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It is widely held that Bayesian decision theory is the final word on how a rational person should make decisions. However, Leonard Savage--the inventor of Bayesian decision theory--argued that it would be ridiculous to use his theory outside the kind of small world in which it is always possible to "look before you leap." If taken seriously, this view makes Bayesian decision theory inappropriate for the large worlds of scientific discovery and macroeconomic enterprise. When is it correct to use Bayesian decision theory--and when does it need to be modified? Using a minimum of mathematics, Rational Decisions clearly explains the foundations of Bayesian decision theory and shows why Savage restricted the theory's application to small worlds.
The book is a wide-ranging exploration of standard theories of choice and belief under risk and uncertainty. Ken Binmore discusses the various philosophical attitudes related to the nature of probability and offers resolutions to paradoxes believed to hinder further progress. In arguing that the Bayesian approach to knowledge is inadequate in a large world, Binmore proposes an extension to Bayesian decision theory--allowing the idea of a mixed strategy in game theory to be expanded to a larger set of what Binmore refers to as "muddled" strategies.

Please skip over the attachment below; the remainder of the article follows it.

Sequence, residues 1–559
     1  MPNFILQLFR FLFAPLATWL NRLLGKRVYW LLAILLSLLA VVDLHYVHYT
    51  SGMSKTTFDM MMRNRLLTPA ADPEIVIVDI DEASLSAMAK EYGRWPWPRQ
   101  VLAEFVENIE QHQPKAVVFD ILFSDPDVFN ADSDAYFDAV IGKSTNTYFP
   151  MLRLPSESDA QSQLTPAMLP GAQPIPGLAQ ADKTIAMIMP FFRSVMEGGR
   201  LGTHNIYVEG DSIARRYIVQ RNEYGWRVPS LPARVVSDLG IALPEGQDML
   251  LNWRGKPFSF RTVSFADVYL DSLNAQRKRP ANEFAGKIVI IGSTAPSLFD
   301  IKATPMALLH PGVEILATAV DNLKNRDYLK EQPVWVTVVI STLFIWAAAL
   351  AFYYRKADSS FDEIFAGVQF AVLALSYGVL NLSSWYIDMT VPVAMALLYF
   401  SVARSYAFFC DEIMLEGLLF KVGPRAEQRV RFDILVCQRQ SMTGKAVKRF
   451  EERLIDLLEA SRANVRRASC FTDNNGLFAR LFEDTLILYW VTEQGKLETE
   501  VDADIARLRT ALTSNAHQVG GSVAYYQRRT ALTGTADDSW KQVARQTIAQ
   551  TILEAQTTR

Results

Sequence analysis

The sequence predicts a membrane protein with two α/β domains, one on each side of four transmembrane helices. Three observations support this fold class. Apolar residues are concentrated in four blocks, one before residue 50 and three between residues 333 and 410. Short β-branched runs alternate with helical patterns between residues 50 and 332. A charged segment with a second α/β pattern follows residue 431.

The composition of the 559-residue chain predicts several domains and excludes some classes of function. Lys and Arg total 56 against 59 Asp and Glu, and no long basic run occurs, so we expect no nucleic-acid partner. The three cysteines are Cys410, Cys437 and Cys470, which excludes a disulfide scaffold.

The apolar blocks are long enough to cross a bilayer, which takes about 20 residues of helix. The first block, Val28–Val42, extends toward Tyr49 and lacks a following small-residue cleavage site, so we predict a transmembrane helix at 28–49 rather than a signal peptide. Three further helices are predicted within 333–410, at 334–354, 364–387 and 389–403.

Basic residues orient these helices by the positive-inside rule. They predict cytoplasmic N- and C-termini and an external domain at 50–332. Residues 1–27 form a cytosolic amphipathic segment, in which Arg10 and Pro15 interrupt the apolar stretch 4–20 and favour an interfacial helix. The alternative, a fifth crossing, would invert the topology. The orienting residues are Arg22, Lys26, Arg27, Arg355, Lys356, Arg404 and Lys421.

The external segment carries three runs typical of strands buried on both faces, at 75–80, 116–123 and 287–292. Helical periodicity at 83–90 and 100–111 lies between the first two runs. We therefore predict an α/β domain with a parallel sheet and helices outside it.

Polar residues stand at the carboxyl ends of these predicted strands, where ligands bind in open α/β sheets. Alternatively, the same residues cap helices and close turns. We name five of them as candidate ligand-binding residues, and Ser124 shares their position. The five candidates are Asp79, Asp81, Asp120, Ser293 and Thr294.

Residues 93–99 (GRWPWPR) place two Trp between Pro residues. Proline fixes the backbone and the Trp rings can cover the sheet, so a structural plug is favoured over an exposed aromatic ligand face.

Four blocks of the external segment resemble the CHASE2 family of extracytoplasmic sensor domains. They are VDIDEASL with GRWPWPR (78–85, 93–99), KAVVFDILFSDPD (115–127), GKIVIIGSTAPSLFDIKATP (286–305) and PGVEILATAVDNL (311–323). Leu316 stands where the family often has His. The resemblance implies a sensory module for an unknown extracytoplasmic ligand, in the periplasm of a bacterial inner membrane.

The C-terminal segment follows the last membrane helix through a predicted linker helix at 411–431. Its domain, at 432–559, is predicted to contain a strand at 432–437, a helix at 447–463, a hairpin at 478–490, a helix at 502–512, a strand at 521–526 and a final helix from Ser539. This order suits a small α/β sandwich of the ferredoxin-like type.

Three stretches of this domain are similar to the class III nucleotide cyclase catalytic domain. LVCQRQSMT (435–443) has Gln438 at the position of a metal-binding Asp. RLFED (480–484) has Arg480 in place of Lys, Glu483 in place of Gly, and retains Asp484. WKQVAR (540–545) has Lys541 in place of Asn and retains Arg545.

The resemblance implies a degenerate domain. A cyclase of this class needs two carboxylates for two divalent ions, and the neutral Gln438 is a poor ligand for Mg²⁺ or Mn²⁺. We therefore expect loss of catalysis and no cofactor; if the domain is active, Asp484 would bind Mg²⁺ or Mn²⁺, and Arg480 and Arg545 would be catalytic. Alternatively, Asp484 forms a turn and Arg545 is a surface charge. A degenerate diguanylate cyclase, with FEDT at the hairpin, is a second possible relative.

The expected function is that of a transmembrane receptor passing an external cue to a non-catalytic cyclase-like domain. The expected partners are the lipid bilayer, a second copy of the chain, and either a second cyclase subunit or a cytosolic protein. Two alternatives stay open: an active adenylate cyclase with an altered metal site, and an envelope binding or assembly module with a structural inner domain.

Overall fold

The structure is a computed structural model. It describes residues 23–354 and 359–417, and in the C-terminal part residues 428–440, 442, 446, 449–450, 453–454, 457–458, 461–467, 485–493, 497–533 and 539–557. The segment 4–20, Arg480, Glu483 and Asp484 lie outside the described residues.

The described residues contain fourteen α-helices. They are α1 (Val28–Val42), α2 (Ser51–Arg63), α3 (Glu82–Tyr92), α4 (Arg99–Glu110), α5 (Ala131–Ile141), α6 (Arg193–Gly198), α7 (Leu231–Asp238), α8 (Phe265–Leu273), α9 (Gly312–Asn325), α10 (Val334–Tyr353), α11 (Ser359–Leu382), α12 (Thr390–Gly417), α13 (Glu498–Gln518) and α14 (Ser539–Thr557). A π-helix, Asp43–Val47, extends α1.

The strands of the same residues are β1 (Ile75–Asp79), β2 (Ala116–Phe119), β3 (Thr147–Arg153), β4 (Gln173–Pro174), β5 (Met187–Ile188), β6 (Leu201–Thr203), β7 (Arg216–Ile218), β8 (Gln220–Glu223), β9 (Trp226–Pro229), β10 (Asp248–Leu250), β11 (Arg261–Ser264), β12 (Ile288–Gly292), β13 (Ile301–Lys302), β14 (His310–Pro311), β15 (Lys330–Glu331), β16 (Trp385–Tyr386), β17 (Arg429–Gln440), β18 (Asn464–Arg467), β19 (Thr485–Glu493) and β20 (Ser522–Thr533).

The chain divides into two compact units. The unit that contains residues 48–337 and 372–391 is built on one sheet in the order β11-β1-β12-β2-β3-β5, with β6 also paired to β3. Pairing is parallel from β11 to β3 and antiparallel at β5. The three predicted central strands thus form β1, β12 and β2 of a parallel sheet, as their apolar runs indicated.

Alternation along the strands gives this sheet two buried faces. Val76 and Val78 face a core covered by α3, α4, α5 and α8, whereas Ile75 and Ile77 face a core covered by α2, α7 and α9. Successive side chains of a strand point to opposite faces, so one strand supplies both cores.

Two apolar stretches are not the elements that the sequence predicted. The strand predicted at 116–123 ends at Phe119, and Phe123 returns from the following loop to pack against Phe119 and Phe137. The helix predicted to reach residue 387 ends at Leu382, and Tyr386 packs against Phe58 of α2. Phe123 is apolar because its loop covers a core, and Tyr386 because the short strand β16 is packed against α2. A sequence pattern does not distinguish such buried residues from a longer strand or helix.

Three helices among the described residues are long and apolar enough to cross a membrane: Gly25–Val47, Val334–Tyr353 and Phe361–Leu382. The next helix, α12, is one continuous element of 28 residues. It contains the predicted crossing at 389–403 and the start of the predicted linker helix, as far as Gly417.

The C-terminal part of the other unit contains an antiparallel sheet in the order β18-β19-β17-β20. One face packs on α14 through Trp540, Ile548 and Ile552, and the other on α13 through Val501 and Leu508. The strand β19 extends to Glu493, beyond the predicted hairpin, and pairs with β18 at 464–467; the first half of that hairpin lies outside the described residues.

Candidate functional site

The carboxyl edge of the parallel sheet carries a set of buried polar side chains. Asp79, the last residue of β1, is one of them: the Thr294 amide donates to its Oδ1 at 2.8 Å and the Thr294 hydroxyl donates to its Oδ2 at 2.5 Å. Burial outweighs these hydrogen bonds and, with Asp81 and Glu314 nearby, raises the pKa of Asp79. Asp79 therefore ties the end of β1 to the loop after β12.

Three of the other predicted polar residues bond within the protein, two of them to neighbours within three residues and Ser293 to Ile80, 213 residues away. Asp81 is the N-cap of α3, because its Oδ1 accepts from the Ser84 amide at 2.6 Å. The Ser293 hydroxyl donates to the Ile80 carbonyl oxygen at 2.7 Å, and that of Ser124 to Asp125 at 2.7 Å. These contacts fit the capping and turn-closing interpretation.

This short, ambitious book is intended to appeal to the presumed curiosity of economists, statisticians, and philosophers as to what constitutes rationality in scientific induction. Binmore, a game theorist aware of the daunting complexity of his subject matter for nonspecialists, has gone to great pains in making his work accessible, even offering marginal symbols to indicate the substantial portions of the text best avoided by readers lacking the author's appetite for mathematical data. -- Choice Rational Decisions contains a wealth of stimulating arguments and thought-provoking claims. It would be an excellent text for an advanced seminar in decision theory, particularly for students with a solid technical background. And no economist, philosopher or political scientist seriously interested in theories of rational decision-making can afford to ignore Binmore's controversial and iconoclastic claims. -- Jose Luis Bermudez, Economics and Philosophy [T]he book constitutes an interesting contribution to this area of research rewarding for philosophers, economists, psychologists, and mathematicians alike. -- Reinhard Slick, Mathematical Reviews
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